Hundreds of Peruvians collect towards Manuel Merino, the interim authorities has been decided


© Reuters. Peruvians protest against Congress' decision to remove former President Martin Vizcarra in Lima


From Marco Aquino

LIMA (Reuters) – Thousands of Peruvians took to the streets again on Saturday at rallies against President Manuel Merino while his interim government continued to defend the sudden overthrow of former President Martin Vizcarra as "constitutional" earlier this week.

In the afternoon, the demonstrators blocked many places in downtown Lima. The demonstrations started peacefully but became more intense in the early evening.

Early that day, hundreds of mostly young protesters unveiled a massive Peruvian flag and sang the national anthem in the central Plaza San Martín. Later, a group of hooded protesters confronted the police, threw stones and fireworks at them, and security forces fired back tear gas.

The city echoed with sirens, shouts and chants from protesters demanding Merino's removal.

Prime Minister Ántero Flores-Aráoz had previously told reporters that the removal of Vizcarra was legal on allegations of corruption by the opposition-dominated Congress. He said Merino had no intention of giving in to protesters' demands for his resignation.

"This was a constitutional change," said Flores-Aráoz. "We ask for your understanding. We don't want to plunge into chaos and anarchy."

Earlier this week some of the biggest protests in decades struck the Peruvian capital. Dozens were injured in clashes between protesters and security forces. Police used tear gas and rubber bullets to tame the riots, and human rights groups said their use of violence was excessive.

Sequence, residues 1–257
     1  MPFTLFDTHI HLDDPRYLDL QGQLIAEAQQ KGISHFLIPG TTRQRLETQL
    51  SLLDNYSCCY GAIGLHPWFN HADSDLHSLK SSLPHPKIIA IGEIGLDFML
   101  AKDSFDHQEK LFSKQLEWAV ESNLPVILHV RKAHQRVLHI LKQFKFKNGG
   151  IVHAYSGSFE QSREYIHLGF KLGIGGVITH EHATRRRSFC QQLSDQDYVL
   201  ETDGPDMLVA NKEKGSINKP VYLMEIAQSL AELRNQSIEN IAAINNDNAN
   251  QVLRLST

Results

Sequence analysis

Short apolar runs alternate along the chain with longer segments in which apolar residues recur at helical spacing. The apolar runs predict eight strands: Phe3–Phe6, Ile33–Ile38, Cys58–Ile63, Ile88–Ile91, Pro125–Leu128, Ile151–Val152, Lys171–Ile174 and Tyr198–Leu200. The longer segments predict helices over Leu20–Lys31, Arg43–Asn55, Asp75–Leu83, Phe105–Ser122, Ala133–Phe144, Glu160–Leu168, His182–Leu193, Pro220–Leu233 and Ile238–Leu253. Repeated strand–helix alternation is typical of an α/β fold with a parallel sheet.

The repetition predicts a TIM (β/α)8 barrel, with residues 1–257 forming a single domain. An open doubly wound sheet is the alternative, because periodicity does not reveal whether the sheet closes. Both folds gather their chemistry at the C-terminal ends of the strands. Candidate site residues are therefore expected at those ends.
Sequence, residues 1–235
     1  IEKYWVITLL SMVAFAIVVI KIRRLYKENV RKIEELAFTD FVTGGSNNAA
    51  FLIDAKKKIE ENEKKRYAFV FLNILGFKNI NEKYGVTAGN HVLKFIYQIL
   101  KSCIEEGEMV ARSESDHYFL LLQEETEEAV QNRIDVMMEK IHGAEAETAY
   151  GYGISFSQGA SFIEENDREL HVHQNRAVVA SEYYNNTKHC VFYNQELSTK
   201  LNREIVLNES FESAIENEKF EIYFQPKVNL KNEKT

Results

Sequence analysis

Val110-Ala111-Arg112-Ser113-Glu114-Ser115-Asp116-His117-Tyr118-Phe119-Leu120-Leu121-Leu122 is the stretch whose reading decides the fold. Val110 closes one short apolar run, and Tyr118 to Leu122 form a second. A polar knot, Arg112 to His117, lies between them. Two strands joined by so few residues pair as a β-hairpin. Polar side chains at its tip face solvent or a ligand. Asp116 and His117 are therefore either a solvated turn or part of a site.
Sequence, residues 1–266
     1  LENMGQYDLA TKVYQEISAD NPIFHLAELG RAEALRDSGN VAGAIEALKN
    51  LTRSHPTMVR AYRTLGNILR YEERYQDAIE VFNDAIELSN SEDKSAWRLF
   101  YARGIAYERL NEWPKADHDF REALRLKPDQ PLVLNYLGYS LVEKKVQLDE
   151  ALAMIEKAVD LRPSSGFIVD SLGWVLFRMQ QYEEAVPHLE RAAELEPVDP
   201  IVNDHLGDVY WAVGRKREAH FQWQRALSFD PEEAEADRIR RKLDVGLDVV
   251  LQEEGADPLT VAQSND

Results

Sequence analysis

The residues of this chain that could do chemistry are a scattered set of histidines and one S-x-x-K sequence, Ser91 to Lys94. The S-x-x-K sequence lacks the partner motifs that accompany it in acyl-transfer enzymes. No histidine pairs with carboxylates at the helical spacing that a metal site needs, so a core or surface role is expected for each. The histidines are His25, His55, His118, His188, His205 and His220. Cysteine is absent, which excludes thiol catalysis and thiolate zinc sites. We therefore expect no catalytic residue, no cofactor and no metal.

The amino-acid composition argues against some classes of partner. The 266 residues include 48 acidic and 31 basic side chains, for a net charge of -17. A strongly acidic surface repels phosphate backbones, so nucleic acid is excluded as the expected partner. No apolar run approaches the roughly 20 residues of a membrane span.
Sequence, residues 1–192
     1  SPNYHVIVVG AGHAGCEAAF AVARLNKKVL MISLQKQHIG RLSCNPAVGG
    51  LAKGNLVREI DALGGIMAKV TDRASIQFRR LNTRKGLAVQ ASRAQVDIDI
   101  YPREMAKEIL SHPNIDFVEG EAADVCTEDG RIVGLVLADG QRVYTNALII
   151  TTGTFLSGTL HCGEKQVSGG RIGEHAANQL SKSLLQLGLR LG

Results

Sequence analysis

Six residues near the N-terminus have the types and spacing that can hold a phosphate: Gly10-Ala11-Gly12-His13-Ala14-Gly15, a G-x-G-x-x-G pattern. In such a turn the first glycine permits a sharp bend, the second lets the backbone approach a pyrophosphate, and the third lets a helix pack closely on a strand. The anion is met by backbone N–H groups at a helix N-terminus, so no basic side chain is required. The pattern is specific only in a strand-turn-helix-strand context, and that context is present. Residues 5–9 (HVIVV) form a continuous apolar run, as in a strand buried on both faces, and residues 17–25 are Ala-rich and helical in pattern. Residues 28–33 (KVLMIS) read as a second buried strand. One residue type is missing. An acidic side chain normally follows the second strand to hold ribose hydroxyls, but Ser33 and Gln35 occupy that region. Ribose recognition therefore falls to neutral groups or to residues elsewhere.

"Given the situation, young people cannot be indifferent, we must demand respect," said Sonia Julca, an economist from Callao University. "People are against this Merino-led government."

Merino, a member of the center-right Popular Action Party who had chaired Congress, swiftly swore in a new cabinet this week after Vizcarra was removed Monday. He has called for calm and promised to stick to a plan for the April presidential election.

Vizcarra, a politically unrelated centrist popular with Peruvians, oversaw an anti-transplant campaign that led to frequent clashes with Congress in a country that has historically experienced political upheaval and corruption.

The former president has yet to be found guilty of the corruption allegations made against him during the hearing prior to his overthrow.

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